Business Times of Edmond, Oklahoma March 2020 - Page 16
Consolidation of City Offices, Potentially with
Public-Private, Partnership Studied
BY VAN MITCHELL | PHOTOS BY KAREN MOORE
he demolition of the former Edmond
Police station, located at 23 E.
First Street, has left the city with
an opportunity to consolidate most of its
departments under one roof through a public/
“The new Public Safety Center has been
open for a few years now,” said Casey Moore,
public information officer for the City of
Edmond. “What we have been doing is trying to
determine how we move forward facilities-wise
as a city.”
Moore said the city looked at repurposing
the old police station building, but ultimately
decided it could not.
Local architect Thomas Small was asked in
2013 to provide a preliminary feasibility study
for building a new Edmond administration
building to consolidate four offices currently
existing in four separate buildings where
Edmond residents and visitors now go for
“We worked with an architect a few years
back to look at our space needs,” Moore said.
“At that time it was determined we might
consolidate all of our city offices into one
municipal building on that.”
Small’s updated feasibility study incorporates
design elements specific to the City of Edmond.
Its design perimeters are based on the Public
Safety Center. These goals remain relevant as
the city envisions the future, Moore said.
If eventually built administrative offices
which were disbursed to non city-owned rental
properties during the construction of the Public
Safety Center would return to the site.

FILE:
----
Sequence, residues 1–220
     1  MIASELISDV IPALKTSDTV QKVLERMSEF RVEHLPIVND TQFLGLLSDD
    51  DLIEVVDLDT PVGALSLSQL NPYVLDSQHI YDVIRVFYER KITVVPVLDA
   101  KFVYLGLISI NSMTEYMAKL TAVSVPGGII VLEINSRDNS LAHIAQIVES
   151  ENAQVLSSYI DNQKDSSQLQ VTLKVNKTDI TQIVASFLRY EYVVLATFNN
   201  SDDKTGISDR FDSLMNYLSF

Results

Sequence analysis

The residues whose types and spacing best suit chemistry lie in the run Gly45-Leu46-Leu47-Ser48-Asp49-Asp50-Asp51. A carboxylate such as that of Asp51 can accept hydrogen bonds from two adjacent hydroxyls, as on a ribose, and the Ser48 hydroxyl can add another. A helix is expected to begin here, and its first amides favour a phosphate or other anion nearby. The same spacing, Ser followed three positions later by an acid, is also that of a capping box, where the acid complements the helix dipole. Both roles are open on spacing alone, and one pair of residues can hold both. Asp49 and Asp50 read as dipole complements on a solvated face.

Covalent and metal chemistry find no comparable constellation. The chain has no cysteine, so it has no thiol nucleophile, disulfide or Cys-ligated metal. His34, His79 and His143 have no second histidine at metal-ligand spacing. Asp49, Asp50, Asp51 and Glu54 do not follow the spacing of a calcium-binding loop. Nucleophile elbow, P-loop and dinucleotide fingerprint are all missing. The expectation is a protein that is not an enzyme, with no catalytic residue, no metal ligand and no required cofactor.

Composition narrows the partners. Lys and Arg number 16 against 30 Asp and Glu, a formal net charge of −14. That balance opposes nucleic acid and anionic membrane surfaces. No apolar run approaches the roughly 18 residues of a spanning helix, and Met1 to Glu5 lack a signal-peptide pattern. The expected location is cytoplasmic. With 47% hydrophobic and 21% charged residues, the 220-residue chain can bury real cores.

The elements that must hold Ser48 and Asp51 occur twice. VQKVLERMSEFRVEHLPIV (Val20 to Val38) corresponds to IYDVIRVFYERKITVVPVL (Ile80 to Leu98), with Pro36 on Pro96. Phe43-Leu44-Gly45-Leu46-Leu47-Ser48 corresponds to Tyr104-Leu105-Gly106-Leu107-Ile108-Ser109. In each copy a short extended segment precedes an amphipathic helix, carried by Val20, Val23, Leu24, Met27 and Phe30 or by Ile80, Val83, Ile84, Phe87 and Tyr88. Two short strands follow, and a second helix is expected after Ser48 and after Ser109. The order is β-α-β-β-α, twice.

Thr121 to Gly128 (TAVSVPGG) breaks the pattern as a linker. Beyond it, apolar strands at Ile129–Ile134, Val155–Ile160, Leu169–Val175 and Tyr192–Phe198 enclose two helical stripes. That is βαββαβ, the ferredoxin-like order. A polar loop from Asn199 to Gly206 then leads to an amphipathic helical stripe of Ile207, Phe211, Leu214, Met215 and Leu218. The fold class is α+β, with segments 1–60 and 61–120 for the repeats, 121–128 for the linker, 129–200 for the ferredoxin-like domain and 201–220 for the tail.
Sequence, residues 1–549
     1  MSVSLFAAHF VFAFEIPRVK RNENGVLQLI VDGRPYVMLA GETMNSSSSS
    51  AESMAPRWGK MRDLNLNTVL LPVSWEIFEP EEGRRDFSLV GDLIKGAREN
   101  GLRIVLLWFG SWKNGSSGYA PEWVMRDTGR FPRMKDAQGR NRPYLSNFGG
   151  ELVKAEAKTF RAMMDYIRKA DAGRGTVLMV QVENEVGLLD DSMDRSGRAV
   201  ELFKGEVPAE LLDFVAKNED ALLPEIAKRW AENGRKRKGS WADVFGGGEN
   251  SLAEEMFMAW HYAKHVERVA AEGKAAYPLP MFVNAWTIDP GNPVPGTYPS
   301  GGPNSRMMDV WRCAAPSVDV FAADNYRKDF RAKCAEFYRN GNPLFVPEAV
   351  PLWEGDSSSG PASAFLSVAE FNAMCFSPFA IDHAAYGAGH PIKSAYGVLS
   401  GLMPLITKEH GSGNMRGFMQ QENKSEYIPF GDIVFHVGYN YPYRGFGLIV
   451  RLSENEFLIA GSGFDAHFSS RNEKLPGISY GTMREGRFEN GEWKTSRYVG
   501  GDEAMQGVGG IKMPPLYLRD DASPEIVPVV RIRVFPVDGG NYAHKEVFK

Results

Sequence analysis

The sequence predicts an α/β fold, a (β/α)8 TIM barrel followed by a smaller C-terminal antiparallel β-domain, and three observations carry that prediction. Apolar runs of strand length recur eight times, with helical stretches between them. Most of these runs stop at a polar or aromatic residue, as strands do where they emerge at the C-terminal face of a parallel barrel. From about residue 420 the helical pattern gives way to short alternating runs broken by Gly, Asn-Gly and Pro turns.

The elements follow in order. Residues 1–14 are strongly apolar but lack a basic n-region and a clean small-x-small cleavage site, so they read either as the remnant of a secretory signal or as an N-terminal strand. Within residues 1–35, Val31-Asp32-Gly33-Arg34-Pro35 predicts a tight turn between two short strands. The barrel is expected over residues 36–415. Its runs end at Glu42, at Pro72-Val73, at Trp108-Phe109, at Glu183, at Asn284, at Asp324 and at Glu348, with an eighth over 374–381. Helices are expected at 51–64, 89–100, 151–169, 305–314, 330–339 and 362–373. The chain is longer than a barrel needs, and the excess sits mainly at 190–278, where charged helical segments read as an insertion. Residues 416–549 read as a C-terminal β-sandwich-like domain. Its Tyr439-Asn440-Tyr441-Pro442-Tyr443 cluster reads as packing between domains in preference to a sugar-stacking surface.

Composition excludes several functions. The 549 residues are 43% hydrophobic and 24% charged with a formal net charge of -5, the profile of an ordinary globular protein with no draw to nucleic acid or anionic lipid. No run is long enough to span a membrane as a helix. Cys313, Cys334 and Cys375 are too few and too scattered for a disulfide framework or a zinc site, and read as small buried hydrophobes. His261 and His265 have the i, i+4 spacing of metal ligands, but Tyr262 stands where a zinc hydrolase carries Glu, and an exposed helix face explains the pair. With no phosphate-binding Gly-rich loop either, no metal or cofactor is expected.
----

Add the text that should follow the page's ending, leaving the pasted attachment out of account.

Moore said the city is looking at the vacant
space in a two-pronged approached.
The first is utilizing it as a public space.
“We are making it a temporary public space,”
he said. “We are going to put some elements out
there so people can sit and relax. Our goal is to
have that space open and usable to the public
City officials Casey Moore, public information officer, and Councilman
Josh Moore stand in the old police station location in downtown Edmond.
March 2020 | The Business Times
Moore said the city is looking into a possible
public/private partnership for a new municipal
“We are working on a Request for
Qualifications or RFQ from developers to
look at all of our city-owned properties in
this downtown corridor with the idea of
partnering with a public-private partnership
with a developer,” he said. “It might allow for
an advantageous relationship to build a new
municipal building on that lot. There is the
potential that we could work with a private
developer in a partnership as far as building that
facility and redeveloping the other properties we
own along the Littler Street corridor.”
Moore said the city partnering with a
private investor would allow for the utilization
of a federal Opportunity Zone, of which
the property lies within. The city has about
five acres downtown they are looking at for
Opportunity Zones were established by
Congress in 2017 to encourage long-term
investment. Investors may reinvest their capital
gains in census areas in order to defer taxes to
pay lower capital gains, and in some cases zero
capital gains on the appreciation if the property
is sold within 10 years.
The designated Opportunity Zone in
Edmond extends north of the railroad tracks at
Second Street to Edwards Street. It goes east to
Ayers then follows University Drive and east
“That is part of the advantage of working
with a private developer because there is
potentially some tax advantages for them right
now because of the Opportunity Zone,” Moore
said. “That is a little bit of what is driving
the public/private partnership being a good
Moore said if a new municipal building is
built, the city can then consolidate its offices in
“We are really spread out along quite a
few buildings and we would like to be able to
consolidate everyone into once place to make
things easier for our residents,” he said.